Pick-Up Productions & Media


Royal Canoe

Merrijoy May 10, 2012 No Comments
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Date/Time

Date(s) – 05/10
9:00 pm – 11:30 pm

Location

Velvet Lounge

Category(ies)
No Categories


with The Sea Life and Western Affairs

“The genre-defying Winnipeg 6-piece unleash the restraints on inspiration allowing their sounds to traverse territory that more referentially self-conscious pop groups wouldn’t cross.” – CBC RADIO

“Royal Canoe have established themselves as musical mad scientists, throwing rock, pop and hip hop into a blender to create catchy-as-hell, dance floor-ready songs with odd time signatures and distorted vocals. Think of them as the child that would result, however inexplicably, if the Beatles, Peter Gabriel, Vampire Weekend, Outkast and Fever Ray had a hymn sing followed by an orgy.” – The Uniter

“[Hold on to the Metal is] four minutes of unashamed, unabashed, rot-your-teeth-sweet indie pop, and boy is it addictive” – Crack in the Road

Royal Canoe is a group of musicians on a mission to construct ambitious, inventive music. The songs are thick with catchiness, rich in rhythm and are consistently pushing against the boundaries of pop music.

They spend almost every day in a shit-hole rehearsal space writing hooks, singing through effects pedals, scrawling lyrics on scraps of paper, and constructing heavy beats in odd time signatures. They create samples by running conventional sounds through unconventional pieces of gear, drumming on bathtubs and garbage cans, listening to Big Boi and manipulating bits of old records.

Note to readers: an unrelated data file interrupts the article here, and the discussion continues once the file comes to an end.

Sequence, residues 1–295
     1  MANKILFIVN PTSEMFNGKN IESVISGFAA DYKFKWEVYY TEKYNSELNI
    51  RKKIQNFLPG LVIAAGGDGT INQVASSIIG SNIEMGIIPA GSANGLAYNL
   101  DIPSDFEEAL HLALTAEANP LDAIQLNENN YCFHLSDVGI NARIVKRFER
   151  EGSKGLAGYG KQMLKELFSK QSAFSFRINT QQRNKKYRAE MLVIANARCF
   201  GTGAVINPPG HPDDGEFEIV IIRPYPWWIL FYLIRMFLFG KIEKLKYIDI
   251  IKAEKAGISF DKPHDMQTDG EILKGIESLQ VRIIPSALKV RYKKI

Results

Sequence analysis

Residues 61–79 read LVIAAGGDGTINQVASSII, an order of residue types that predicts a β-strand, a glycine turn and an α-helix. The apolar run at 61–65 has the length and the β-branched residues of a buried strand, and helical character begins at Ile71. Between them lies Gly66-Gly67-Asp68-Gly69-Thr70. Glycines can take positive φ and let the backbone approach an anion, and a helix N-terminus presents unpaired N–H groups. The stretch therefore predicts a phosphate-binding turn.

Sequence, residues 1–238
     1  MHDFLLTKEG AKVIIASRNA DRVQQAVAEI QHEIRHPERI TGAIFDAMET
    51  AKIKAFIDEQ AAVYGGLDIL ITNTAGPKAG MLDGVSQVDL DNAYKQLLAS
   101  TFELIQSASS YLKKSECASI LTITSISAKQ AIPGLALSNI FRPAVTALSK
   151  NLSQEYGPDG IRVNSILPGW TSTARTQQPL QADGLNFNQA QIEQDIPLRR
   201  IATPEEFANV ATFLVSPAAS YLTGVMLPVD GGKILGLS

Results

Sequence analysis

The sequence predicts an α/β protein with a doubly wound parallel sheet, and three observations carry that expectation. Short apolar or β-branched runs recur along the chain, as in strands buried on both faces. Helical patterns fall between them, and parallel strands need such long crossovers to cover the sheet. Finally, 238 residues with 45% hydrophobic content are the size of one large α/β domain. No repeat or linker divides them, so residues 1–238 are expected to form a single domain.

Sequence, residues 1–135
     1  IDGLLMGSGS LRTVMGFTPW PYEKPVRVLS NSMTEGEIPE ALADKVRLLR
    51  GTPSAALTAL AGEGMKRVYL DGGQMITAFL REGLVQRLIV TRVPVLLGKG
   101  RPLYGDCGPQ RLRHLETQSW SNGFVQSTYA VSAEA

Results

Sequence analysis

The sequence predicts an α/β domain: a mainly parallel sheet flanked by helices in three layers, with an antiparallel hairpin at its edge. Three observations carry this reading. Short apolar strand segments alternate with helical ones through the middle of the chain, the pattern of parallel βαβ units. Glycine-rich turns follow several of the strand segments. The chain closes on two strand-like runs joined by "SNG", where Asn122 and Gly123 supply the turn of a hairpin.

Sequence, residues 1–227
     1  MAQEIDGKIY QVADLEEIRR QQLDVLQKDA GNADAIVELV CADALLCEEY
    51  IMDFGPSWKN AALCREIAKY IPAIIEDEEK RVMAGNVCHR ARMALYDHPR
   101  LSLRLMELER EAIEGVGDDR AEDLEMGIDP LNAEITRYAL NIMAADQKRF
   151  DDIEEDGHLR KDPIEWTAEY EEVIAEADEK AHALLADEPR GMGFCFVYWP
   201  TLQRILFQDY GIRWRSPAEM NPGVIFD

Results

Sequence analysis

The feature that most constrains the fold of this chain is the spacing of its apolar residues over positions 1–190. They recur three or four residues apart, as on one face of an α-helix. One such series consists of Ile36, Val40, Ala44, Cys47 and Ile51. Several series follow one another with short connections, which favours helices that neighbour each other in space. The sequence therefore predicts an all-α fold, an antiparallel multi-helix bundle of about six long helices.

The band calls Winnipeg, Manitoba, Canada home – the enigmatic prairie city, which has served artists as both an abundant, creative watering hole and a debilitating quagmire. The city’s mood swings from euphoric summers spent biking with beers, fence-hopping residential pools and climbing abandoned roof-tops to harsh, bitter winters that are countered first with defiance, then self-loathing, then denial, then “you’ve got to be fucking kidding me.” Royal Canoe’s songs are, in part, an effort to make sense of the resentment and romanticism of the city’s divergent identities.

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About The Author

I'm just another overgrown indie-rock kid, fighting the good fight against the corporate behemoths of radio.

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